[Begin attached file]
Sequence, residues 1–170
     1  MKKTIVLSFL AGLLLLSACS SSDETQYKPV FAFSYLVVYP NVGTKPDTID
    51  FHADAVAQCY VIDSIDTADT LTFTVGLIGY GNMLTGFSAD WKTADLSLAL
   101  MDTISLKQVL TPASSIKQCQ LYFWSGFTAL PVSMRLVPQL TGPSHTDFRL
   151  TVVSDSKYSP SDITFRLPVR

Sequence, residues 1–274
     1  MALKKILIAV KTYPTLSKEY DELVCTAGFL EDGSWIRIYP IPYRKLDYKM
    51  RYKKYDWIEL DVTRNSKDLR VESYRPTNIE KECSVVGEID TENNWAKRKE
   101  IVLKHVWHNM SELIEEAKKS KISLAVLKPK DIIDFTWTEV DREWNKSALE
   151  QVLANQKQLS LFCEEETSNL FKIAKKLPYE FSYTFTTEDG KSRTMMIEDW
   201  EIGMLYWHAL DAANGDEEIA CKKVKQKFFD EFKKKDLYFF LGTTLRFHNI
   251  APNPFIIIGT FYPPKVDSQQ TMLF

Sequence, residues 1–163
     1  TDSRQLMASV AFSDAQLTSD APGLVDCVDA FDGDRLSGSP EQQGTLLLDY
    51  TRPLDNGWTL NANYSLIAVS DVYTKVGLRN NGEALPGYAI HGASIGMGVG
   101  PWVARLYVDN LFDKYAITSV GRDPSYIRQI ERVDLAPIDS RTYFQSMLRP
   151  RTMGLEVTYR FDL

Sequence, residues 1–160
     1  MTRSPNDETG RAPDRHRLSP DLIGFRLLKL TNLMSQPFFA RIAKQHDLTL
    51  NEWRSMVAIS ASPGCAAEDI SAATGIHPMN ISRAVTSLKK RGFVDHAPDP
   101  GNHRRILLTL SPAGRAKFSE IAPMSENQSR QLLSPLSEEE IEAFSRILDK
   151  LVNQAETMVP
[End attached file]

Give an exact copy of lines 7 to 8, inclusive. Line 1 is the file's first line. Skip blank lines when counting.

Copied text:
     1  MALKKILIAV KTYPTLSKEY DELVCTAGFL EDGSWIRIYP IPYRKLDYKM
    51  RYKKYDWIEL DVTRNSKDLR VESYRPTNIE KECSVVGEID TENNWAKRKE